World War I is famous, above all, for its trenches. With the line mostly static after fall 1914, both sides did what armies have always done in the face of the enemy: they dug in. Trenches protected the soldiers from artillery shells and rifle shots from the enemy. Thousands of miles of front-line trenches, reserve-line trenches, communications trenches and dummy trenches sprang up on both sides. The resulting grid patterns allowed troops to travel from one line to another while keeping safe from enemy machinegun fire. From the trenches, where soldiers would sleep as best they could when not out on patrol of No Man's Land, attacks would be launched against the opposing trench line. These were sometimes small affairs with a few thousand men or less, but they were often massive, coordinated assaults. Some, such as Verdun and the Battle of the Somme, involved over a million men on the attack.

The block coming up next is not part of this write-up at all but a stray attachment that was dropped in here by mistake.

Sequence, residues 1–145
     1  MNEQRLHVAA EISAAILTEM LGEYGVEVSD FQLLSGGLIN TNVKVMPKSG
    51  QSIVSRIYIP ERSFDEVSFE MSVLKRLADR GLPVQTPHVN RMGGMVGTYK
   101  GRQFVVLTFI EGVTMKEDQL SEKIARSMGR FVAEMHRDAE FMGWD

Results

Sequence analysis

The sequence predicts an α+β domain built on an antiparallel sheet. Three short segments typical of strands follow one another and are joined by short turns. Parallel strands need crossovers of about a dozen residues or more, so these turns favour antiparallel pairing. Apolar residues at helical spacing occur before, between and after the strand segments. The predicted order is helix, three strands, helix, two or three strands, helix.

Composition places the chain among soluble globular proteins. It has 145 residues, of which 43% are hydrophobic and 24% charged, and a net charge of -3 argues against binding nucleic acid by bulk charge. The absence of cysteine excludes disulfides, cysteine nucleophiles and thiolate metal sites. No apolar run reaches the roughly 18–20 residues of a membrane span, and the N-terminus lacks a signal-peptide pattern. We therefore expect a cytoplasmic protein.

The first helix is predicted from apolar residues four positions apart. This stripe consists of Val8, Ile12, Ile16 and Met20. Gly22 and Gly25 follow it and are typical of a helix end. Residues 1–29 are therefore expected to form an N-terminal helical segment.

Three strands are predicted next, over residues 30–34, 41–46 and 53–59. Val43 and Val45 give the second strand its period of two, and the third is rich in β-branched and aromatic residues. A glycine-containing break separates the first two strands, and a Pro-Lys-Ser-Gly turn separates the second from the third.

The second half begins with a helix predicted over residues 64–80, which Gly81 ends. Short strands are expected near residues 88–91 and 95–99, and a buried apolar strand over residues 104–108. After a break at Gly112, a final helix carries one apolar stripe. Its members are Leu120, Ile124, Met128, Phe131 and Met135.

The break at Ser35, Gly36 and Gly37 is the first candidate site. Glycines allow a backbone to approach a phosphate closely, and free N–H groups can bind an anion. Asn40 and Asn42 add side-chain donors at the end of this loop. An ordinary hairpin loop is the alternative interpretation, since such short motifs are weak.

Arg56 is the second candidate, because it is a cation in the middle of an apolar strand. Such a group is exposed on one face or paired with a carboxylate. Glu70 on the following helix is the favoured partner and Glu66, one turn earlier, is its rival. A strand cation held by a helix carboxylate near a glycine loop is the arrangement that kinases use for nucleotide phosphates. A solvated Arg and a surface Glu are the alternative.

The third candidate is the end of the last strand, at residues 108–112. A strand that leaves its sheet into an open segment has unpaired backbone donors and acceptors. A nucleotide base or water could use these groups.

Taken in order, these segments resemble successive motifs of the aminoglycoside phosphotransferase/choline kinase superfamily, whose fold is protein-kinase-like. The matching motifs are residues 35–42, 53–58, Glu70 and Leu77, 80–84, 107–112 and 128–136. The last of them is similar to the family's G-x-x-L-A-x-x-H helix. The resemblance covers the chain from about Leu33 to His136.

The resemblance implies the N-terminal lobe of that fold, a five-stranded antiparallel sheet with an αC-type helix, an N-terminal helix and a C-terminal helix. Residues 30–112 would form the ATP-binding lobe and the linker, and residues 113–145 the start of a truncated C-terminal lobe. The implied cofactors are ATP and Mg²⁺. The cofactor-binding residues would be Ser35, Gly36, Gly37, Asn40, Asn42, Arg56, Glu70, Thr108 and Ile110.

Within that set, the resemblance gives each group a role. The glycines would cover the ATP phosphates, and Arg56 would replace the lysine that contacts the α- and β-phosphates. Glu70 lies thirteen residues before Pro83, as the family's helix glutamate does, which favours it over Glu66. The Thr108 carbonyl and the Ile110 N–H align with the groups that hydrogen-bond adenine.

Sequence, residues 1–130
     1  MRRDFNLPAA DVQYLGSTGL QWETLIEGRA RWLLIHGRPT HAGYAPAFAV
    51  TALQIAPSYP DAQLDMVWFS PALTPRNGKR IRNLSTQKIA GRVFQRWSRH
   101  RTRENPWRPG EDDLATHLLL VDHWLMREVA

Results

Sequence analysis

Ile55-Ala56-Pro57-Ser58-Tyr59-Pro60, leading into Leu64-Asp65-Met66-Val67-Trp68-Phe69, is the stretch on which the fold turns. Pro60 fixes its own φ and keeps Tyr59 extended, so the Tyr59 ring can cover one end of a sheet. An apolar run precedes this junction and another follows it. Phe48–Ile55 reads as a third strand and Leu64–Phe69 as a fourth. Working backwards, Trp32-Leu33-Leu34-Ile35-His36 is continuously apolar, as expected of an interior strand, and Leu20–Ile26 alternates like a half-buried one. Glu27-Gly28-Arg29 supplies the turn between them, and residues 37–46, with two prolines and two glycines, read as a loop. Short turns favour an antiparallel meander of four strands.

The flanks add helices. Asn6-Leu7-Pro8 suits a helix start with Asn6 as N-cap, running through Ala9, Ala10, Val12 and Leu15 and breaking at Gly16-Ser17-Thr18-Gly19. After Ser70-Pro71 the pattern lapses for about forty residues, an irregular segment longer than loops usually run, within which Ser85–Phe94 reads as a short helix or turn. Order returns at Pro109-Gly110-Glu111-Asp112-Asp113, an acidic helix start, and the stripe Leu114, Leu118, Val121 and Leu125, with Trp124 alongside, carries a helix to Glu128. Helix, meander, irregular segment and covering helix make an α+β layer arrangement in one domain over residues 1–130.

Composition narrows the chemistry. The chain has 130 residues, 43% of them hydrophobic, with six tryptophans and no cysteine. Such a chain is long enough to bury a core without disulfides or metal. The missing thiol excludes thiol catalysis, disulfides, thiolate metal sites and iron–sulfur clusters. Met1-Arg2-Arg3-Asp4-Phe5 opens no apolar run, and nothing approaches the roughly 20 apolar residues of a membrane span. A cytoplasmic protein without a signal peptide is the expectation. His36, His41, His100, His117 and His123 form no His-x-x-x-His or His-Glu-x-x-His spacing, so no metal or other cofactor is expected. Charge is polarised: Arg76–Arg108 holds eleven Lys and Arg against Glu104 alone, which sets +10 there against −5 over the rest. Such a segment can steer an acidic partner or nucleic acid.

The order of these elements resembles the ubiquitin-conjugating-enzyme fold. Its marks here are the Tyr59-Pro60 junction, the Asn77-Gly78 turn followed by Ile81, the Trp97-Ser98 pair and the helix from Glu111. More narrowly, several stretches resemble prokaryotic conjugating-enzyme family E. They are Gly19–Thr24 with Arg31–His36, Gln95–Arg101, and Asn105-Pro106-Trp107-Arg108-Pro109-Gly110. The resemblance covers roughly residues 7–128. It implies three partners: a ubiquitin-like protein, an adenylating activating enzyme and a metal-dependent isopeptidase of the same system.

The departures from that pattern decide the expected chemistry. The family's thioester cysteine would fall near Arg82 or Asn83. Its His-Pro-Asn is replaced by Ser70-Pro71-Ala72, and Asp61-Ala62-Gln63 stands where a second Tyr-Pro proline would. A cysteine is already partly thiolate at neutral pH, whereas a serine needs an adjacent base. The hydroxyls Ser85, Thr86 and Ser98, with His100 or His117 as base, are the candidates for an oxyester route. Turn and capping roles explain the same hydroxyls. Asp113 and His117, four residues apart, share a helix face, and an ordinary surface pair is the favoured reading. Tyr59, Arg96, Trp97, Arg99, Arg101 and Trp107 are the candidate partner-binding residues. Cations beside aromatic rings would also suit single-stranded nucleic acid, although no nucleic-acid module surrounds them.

Trenches were truly appalling places to live and die. Death surrounded the men all day, every day. Men killed by artillery or other means were buried in the trench where they fell; rats proliferated by the millions, feasting on the decomposing bodies; food was cold and intermittent; rain and subterranean flooding soaked men through for weeks at a time; and they were constantly being shot at and shelled by the opposing side. The blank stare of men returning from the front was the original "shell shock." The only thing that everyone who fought on the Western Front agrees with is that there is no way to adequately describe how hellish the trenches were. The German trenches were generally more impressive than the Allied ones for the simple reason: that whereas the French, British and later American troops could be pulled off the front line and sent to the rear to rest and refit, the Germans could not. They were in enemy territory and didn't have the luxury of towns and depots of friendly civilians. Some German trenches were built of stone, had deep, electrified living quarters, and were centrally heated. That didn't change the fact that men were constantly dying around each other at all times.